Using far-field measurements for determining mixed-mode interactions at interfaces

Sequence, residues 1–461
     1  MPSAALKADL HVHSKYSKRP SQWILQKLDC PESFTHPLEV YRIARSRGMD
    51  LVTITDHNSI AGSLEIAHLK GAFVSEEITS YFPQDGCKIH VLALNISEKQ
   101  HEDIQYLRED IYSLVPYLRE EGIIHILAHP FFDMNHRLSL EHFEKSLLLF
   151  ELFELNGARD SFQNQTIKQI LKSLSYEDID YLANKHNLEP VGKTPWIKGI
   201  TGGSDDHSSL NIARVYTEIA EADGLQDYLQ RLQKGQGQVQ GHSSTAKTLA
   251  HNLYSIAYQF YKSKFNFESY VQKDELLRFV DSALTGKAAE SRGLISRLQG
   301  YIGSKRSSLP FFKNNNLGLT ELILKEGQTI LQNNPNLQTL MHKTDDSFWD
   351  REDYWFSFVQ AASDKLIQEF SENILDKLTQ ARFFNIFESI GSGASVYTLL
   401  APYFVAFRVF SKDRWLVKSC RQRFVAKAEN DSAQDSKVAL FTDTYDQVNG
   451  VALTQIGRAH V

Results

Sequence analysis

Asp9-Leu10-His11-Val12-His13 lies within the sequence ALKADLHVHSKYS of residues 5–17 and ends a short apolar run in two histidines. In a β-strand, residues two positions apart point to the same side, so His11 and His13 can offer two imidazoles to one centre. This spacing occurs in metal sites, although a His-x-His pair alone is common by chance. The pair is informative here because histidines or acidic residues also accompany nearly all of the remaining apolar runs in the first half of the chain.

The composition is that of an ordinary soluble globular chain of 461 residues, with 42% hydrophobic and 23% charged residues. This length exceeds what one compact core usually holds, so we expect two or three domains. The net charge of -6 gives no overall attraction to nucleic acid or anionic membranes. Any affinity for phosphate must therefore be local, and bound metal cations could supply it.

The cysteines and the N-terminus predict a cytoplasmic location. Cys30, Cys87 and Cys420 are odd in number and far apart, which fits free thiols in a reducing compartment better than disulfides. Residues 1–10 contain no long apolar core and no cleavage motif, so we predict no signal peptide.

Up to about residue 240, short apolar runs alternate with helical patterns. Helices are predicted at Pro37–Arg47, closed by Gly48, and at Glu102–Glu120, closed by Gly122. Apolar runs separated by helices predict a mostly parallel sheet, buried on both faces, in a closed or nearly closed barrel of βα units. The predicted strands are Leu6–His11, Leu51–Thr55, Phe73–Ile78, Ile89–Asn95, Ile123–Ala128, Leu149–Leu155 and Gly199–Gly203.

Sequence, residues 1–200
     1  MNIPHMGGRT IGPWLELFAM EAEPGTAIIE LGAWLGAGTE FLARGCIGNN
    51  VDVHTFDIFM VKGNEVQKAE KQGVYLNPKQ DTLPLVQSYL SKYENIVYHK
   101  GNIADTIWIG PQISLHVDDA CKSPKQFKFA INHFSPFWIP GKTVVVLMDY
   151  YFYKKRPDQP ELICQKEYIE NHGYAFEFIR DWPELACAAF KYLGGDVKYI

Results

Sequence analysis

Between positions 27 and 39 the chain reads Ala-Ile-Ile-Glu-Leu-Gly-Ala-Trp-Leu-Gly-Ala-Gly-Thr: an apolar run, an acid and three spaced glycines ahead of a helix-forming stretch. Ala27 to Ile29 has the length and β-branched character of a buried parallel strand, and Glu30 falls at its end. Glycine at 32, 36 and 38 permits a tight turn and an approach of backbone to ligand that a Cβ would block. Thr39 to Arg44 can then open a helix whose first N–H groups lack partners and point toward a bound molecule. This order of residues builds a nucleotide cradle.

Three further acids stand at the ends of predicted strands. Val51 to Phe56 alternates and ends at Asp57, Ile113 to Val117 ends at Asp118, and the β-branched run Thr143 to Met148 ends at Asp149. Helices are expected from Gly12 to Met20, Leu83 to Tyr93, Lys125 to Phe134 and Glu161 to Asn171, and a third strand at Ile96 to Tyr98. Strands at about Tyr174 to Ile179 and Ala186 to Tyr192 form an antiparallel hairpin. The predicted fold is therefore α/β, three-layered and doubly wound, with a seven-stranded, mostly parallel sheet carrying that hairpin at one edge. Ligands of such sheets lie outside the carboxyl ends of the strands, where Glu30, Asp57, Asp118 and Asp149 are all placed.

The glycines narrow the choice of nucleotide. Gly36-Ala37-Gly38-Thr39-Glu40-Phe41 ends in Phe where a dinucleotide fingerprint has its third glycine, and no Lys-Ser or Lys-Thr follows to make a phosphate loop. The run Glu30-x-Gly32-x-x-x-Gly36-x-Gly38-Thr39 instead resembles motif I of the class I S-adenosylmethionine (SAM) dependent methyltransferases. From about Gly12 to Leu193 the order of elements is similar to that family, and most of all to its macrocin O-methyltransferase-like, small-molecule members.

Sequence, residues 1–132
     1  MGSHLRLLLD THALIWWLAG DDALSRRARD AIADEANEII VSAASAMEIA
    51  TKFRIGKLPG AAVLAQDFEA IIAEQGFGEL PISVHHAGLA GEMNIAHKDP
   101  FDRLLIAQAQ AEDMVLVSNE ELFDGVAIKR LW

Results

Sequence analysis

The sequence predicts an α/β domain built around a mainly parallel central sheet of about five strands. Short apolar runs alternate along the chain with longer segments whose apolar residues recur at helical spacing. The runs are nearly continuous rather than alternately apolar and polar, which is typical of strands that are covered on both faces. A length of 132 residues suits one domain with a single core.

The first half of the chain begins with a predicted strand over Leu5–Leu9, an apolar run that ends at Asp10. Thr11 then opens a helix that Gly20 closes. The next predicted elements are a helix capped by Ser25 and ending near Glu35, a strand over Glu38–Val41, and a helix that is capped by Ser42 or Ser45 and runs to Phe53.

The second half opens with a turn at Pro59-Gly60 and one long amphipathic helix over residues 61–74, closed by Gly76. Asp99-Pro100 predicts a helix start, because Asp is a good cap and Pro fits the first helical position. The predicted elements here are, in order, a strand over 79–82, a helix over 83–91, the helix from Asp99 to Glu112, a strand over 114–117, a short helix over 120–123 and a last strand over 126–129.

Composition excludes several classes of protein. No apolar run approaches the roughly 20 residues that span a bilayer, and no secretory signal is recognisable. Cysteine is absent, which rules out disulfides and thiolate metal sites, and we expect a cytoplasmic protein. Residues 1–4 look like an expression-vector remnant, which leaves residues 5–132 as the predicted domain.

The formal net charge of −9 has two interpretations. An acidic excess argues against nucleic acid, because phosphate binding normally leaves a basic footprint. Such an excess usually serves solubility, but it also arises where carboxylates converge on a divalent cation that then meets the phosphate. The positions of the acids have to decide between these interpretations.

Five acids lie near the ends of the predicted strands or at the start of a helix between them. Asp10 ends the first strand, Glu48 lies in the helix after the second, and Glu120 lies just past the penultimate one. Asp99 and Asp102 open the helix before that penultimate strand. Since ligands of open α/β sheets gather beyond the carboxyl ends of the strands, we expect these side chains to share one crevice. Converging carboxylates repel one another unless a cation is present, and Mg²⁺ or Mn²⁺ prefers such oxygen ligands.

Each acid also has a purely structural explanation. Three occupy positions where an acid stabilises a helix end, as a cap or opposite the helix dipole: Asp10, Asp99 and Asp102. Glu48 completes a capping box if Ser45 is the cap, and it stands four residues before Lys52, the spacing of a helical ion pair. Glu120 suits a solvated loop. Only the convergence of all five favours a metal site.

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Traction–separation relations (TSR) can be used to represent the interactions at a bimaterial interface during fracture and adhesion. The goal of this work is to develop a direct method to extract mixed-mode TSRs using only the far-field measurements. The first topic of the dissertation deals with extracting mixed-mode TSRs based on a combination of global and local measurements including load-displacement, crack extension, crack tip opening displacement, and fracture resistance curves. Mixed-mode interfacial fracture experiments were conducted using the end loaded split (ELS) configuration for a silicon-epoxy interface, where the epoxy thickness was used to control the phase angle of the fracture mode-mix. Infra-red crack opening interferometry (IR-COI) was used to measure the normal crack opening displacements. For the resistance curves, an approximate value of the J-integral was calculated based on a beam-on-elastic-foundation model that referenced the measured load-displacement data. A damage-based cohesive zone model with mixed-mode TSRs was then adopted in finite element analyses, with the interfacial properties determined directly from the experiments. With the mode-I fracture toughness from a previous study, the model was used to predict mixed-mode fracture of a silicon/epoxy interface for phase angles ranging from -42˚ to 0˚. Additional measurements would be necessary to further extend the reach of the model to mode-II dominant conditions. The second topic of the dissertation addresses characterization of interfacial interactions between copper through-silicon vias (TSV) and silicon substrates. A suitable choice of via length allowed a direct method to be implemented for determining the mode-II traction-separation relation between silicon and copper TSVs. This interface was loaded in a nano-indentation experiment on specimens with pre cracks that were fabricated using focused-ion-beam (FIB) milling. The elastic and plastic properties of the copper vias were characterized from micro-pillar compression experiments and associated finite element analyses. Analytical and numerical models were developed for extracting the parameters of traction-separation relation. The third topic of the dissertation explores a more general approach to directly extract the mixed-mode traction-separation relations using only far-field measurements from laminated beam specimens. Balanced laminated beam configurations were used to conduct the mixed-mode fracture experiment on a silicon-epoxy interface. The far-field measurements included the displacement at the middle of the bottom adherend at a point behind of the crack front, the force-displacement response, and the angle of rotation at the end of the top adherend. With these far-field measurements, the J integrals in mode-I and mode-II could be calculated separately when the ratio between the thickness and the bending stiffness is the same for both the top and bottom adherends. The local separations at the crack tip are also calculated using these far-field measurements. The traction-separation relations are then obtained directly through numerical differentiation of the obtained J integral with respect to the local separations. This method was validated by comparing to the local measurements of normal separation using IR-COI technique. The extracted normal and shear TSR showed decoupled behavior in damage initiation and evolution which indicate that it is impossible to model using potential-based TSRs. A promising attempt was made to subtract out the elastic deformations of the epoxy that was used in this work. This was achieved by conducting a cohesive zone analysis using an extracted pair of normal and shear traction-separation relations for a particular mode-mix without the epoxy between the adherends.